It is important that this system be properly maintained by means of a regular tune-up, which consists of replacing the spark plugs, distributor cap, rotor, points and condensor, along with inspecting the wiring periodically to make sure that nothing is damaged or worn out, or has a bunch crud or corrosion building up on a connection. These cars will keep on chugging down the road in an astonishingly poor condition, but it is costing you in a lot of ways to do that, namely, poor fuel economy and poor performance. Since all of the parts involved in this tune-up are really, really cheap, and readily available from any auto parts store, and the level of expertise needed to perform this tune-up is amazingly low, it makes no sense not to.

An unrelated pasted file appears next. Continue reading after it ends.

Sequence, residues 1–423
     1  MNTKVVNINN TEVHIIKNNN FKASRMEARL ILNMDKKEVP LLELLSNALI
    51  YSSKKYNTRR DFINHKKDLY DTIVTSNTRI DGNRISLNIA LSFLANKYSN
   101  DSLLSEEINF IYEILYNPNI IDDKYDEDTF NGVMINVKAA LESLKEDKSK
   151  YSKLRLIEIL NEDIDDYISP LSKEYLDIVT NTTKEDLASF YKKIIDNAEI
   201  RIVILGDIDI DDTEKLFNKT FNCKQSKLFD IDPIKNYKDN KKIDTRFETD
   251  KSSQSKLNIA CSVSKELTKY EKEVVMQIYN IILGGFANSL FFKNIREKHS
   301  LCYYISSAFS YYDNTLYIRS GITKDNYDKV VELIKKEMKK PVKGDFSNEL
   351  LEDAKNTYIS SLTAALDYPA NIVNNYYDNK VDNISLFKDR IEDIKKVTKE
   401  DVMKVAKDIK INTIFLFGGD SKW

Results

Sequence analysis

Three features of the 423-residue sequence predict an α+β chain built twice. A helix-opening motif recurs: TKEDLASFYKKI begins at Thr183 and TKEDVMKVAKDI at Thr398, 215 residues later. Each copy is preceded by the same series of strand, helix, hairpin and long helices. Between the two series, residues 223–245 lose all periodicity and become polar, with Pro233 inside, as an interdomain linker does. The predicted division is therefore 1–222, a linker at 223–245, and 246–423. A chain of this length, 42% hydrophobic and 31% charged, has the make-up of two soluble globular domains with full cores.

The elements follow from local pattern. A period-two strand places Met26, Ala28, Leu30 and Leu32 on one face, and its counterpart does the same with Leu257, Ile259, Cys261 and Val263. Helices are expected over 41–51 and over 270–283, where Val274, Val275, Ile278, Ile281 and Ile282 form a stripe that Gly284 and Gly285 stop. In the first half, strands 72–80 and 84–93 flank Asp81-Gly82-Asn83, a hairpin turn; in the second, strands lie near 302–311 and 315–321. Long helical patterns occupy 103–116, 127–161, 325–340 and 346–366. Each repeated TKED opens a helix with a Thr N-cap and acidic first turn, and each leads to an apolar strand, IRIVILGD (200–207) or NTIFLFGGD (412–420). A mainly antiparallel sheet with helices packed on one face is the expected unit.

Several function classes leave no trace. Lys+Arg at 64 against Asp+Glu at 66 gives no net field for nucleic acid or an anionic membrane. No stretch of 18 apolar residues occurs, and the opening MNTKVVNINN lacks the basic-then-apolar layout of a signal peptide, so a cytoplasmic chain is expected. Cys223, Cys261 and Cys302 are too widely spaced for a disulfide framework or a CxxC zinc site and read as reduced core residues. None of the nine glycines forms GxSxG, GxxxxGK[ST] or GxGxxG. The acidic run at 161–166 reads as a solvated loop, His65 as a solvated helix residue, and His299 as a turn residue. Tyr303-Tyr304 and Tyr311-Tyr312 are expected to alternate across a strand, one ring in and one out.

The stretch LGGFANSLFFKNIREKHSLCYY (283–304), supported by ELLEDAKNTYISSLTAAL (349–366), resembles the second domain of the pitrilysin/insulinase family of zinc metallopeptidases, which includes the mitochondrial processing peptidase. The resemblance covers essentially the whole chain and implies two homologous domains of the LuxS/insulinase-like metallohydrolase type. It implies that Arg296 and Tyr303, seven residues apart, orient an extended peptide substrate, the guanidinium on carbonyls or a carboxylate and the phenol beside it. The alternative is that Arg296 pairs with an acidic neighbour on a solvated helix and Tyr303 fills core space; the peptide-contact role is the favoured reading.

There is a problem that people encounter, which seems to be quite baffling to them, but results in 'car won't start'. If, when you turn the key to the start position, the car cranks fine, sounds like it started, but dies instantly when the key returns to the On position, that is almost always one of two things. Either the resistor wire is dead, and needs to be replaced, or, the car has a factory tach, and the tach has died. You could get a factory tach on these cars if A) you had a 65 or 66 Shelby GT-350, you purchased one of the over-the-counter Cobra or Rotunda tachs from your local Ford dealer, or your car had an original rally pac. How the factory tachs were wired was, two of the wires that came out of the back of the tach were connected in-line with the resistor wire at the ignition switch. You unplugged the resistor wire from the red wire with the green stripe near the ignition switch and plugged the two tach wires into the two ends of the ignition wiring. When the tach dies, it takes the car's ignition system with it. The fix is to unplug the tach wires and plug the resistor wire back into the red wire with the green stripe that comes from the ignition switch.